March 27, 2009 was a typical spring day in Florida. The air was warming up, the weather was beautiful, sunny. I kissed my son goodbye at 1:12 pm. When I returned home from work at 5:30pm, there were Sheriffs cruisers in front of our house. My world turned upside down. In a split second, everything had changed. The boys were playing outside while the baby slept. When she woke up they headed inside, but my husband forgot to close the door. Without warning, my son followed the dog back outside, and investigators believe he tried imitating the dog getting a drink from the partially inset above-ground pool. I had not yet ordered the gate – it was on top of my “to-do” list, I just hadn’t gotten around to it. I thought – we have an above-ground pool, no ladder – we don’t leave him alone outside, he’s afraid of the big pool – we are always right here. It was a priority – but not an urgency. I didn’t realize a child could drown so quickly. I never imagined that my little boy would pull himself up and lean over into the pool – a pool he was afraid of. I just never thought this would happen to us.
I knew then, that at some point, I was going to educate as many people as I could on drowning prevention and how quickly drownings can happen. But most importantly, I want to educate the community on how to make our children safer in and near the water. Since Mason’s drowning, it has been my mission to teach as many people about water safety as I can. I have joined our local Water Safety Committee http://flsafepools.com/ I have started the annual “Masons Walk for Drowning Prevention” – a fundraising event whose purpose is two-fold: to educate the community on water safety and drowning prevention as well as to raise money for a local non-profit that pays for underprivileged children to take swim lessons. I have also become a certified swim instructor and plan to start my own infant/toddler aquatics program in my area.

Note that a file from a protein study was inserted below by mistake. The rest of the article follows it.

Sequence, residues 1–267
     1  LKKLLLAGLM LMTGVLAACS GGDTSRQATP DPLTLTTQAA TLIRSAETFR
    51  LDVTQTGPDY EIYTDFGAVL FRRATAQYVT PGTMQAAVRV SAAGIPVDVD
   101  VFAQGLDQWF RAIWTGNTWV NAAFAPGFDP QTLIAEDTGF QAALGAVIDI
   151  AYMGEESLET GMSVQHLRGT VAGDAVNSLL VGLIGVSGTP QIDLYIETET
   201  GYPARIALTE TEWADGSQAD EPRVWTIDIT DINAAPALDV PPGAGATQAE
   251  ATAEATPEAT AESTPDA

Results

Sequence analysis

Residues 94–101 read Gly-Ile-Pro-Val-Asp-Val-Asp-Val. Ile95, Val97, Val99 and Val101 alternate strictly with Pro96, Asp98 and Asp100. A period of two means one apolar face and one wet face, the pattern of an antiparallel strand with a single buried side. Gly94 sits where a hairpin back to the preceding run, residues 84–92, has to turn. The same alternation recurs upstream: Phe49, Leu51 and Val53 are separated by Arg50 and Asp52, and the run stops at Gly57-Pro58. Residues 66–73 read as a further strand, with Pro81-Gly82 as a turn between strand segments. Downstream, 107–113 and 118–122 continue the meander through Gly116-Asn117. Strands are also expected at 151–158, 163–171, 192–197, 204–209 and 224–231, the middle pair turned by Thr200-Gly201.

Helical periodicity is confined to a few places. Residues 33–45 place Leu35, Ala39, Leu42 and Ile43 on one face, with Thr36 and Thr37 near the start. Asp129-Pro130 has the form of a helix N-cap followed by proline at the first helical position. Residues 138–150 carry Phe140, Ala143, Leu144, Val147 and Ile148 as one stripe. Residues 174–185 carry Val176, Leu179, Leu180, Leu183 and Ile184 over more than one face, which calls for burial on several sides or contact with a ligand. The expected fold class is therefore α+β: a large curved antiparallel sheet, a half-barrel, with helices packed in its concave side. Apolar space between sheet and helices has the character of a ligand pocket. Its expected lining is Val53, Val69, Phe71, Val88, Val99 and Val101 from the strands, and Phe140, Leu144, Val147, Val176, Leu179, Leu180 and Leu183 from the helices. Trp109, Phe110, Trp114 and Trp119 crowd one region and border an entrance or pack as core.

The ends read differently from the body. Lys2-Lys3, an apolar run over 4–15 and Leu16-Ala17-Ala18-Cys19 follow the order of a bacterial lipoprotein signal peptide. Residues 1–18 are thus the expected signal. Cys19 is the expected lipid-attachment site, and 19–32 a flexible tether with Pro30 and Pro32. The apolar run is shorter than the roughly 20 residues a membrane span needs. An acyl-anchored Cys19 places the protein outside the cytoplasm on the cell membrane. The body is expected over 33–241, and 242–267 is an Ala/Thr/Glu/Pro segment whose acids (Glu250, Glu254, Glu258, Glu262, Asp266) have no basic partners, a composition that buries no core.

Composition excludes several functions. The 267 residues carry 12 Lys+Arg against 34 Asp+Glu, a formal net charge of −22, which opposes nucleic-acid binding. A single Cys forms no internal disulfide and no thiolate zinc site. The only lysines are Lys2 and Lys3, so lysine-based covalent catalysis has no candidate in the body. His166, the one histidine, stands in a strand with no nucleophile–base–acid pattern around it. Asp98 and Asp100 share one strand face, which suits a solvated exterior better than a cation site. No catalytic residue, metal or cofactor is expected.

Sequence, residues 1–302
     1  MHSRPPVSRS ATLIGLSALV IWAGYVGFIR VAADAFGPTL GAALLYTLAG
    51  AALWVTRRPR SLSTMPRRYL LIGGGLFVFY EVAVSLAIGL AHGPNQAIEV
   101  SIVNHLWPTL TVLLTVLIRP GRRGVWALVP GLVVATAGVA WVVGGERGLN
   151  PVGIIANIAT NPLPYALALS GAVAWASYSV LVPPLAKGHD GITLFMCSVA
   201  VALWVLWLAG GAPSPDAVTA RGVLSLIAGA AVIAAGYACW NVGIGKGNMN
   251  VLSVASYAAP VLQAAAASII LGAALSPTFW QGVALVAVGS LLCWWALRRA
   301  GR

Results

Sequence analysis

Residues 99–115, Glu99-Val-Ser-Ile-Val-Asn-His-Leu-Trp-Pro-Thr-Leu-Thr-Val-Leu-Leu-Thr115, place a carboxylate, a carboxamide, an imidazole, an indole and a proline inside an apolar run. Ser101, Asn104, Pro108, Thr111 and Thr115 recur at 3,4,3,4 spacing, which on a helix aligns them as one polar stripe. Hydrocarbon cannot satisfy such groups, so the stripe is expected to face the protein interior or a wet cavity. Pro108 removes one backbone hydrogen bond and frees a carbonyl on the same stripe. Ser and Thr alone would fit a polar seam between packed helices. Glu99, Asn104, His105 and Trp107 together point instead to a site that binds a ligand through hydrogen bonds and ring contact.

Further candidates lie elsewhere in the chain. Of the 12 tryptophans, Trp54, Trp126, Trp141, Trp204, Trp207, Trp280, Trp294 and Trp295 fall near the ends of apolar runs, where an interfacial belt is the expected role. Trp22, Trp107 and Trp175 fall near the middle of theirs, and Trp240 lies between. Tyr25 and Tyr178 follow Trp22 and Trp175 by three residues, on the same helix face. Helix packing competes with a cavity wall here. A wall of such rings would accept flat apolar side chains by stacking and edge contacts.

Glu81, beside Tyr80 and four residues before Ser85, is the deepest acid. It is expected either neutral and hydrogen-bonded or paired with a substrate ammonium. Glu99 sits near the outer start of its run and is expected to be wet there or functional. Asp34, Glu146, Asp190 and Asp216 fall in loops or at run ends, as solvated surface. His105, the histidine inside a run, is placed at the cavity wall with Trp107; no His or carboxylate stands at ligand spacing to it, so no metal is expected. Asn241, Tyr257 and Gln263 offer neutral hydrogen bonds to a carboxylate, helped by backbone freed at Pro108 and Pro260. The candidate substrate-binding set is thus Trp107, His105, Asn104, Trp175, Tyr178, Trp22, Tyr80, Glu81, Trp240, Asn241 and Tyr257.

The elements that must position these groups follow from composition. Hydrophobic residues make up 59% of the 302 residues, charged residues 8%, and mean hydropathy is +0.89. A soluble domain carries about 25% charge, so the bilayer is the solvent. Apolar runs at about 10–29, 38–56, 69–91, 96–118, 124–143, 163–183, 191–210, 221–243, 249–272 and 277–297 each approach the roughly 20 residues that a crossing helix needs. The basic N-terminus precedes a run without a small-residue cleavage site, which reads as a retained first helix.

I am a firm believer in child-centered swim lessons. My daughter, who is now 2-1/2 (the age Mason was when he drowned) has been swimming since she could walk. I do not believe in fearing the water, but rather in respecting the water. And this is what I strive to teach people now. I am a firm believer in layers of protection – the more you have the better will be.